Volunteers Help Teens Who Have Loved Ones in Prison Find an Outlet in Art and Strength in Each Other
Two teens in Los Angeles attend a meeting of a new club at Venice High School for students who have a loved one in prison. Although the girls have been friends since grade school, neither one knew that the other had a father serving time. They hug, relieved to be free of their secret.
More than 2.7 million children in the United States have a parent in prison, according to The Pew Charitable Trusts. That’s one of every 28 children.
“You’re not likely to be aware of these kids,” says Dennis Danziger, who has taught English for 22 years in southern California high schools. “There’s such a huge stigma attached to even knowing someone in prison that kids tend to keep the sorrow and pain bottled up inside.”
That’s a pain his wife, writer Amy Friedman, knows firsthand. She met her first husband while he was incarcerated in Canada; at the time, she was writing a series of newspaper columns about prison life. They married while he was still in prison.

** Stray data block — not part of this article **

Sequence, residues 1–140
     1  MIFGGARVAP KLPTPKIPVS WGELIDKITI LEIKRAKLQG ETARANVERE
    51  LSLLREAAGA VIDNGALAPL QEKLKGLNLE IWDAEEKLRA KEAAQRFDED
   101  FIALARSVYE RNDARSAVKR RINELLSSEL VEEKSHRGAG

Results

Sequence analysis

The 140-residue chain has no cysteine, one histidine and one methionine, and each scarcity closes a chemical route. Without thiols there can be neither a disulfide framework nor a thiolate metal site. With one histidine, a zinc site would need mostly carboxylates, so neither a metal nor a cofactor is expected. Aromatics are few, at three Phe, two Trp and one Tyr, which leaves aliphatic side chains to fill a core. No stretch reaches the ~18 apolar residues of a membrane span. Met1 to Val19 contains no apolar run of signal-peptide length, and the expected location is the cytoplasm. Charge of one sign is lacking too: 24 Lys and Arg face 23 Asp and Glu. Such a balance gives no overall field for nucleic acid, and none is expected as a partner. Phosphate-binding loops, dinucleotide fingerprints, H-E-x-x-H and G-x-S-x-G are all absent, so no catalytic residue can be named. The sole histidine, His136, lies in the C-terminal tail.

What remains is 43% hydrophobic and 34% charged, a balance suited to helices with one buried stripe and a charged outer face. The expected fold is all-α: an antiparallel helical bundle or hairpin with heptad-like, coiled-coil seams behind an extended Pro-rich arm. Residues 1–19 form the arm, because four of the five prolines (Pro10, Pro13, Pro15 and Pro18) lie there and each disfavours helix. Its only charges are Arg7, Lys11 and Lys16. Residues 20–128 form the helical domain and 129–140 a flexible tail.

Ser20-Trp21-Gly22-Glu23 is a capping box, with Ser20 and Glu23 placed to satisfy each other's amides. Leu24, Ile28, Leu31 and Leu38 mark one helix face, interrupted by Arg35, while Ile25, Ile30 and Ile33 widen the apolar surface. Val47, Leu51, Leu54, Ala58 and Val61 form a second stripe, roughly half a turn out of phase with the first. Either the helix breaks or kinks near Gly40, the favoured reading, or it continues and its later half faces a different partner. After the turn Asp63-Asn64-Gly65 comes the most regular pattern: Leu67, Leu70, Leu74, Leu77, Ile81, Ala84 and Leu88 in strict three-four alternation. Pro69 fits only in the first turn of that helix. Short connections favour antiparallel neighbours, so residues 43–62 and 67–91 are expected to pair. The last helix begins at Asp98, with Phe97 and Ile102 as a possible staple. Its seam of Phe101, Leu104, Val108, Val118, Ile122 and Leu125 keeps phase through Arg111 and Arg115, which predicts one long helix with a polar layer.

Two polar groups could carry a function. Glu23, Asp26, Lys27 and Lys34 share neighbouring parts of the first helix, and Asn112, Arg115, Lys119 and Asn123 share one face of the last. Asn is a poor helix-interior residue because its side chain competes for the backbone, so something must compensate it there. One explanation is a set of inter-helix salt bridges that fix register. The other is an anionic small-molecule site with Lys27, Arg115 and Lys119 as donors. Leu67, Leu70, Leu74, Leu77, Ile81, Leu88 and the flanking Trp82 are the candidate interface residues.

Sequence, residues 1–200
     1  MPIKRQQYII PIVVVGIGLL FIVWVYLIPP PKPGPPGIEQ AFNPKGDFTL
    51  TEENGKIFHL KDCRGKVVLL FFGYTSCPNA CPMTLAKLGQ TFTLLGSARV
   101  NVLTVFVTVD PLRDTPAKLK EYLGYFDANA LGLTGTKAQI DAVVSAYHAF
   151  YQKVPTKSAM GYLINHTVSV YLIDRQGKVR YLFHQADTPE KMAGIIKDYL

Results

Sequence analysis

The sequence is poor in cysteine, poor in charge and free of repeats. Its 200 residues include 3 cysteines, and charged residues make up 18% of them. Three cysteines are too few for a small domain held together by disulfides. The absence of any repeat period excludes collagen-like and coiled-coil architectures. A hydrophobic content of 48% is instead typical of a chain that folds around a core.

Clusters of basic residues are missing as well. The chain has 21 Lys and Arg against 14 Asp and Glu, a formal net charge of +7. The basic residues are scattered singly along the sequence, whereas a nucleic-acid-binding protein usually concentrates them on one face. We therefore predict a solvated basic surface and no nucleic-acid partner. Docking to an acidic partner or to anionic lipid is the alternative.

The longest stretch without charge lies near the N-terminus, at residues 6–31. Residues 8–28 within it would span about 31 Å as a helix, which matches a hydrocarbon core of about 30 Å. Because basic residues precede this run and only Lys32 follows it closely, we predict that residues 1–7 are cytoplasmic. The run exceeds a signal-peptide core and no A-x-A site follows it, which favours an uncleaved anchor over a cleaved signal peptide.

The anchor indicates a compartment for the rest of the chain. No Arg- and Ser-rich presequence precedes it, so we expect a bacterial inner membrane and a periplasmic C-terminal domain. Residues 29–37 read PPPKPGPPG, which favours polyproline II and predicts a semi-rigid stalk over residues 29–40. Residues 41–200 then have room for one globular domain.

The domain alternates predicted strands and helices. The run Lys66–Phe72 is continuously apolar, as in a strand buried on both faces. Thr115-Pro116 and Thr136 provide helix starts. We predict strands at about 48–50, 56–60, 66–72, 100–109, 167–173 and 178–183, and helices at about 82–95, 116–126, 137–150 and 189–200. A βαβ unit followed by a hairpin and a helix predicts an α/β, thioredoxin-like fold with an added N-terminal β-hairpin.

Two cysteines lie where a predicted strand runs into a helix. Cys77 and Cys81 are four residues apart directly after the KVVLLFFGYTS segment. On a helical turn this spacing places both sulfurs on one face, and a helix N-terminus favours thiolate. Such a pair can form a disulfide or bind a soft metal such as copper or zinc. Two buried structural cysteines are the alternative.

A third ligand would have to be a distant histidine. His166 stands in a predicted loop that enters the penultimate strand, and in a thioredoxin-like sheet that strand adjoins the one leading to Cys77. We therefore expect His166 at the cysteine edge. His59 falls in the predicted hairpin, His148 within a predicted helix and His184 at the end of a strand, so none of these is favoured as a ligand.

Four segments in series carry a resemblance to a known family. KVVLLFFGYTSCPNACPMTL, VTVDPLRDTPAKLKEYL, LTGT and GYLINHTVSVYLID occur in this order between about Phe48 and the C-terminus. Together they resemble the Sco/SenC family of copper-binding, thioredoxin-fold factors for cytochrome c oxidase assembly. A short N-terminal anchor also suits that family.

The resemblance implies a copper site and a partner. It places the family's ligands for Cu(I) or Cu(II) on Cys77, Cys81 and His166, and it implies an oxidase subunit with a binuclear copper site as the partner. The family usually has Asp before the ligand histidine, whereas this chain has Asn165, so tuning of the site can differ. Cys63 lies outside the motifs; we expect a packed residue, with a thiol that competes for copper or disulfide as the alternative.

Friends and family severed relationships with her, and her husband’s two young daughters refused to let friends or teachers know where their father was, for fear of being ostracized. Her husband was paroled seven years after their marriage, and they later divorced. But Friedman has continued being a mother to the two girls, even after moving to California and marrying Danziger several years later.
Also a writer, Danziger has long encouraged his students to write about their lives and feelings. That’s how he found out some of his students had friends or family members in prison. In 2013, he and Friedman started a club to provide a safe space for high school students struggling with the stress of having a family member or friend in prison – offering community and opportunities for expression.
Today, P.O.P.S (Pain of the Prison System) meets weekly for about a half hour while school is in session. After lunch, donated by area restaurants, students work on writing or art. They share their creations and are coached by Danziger, Friedman and a team of volunteers. Sometimes there is a guest speaker.
“Our vision is that no one should have to struggle alone with the shame, stigma and sorrow too often connected with having a loved one in the prison system,” Friedman says.
“These clubs are a way for students to learn ways to cope and to feel that they are strong enough to create their own paths,” Danziger says. “Turning secrets into stories and poems can set them free.”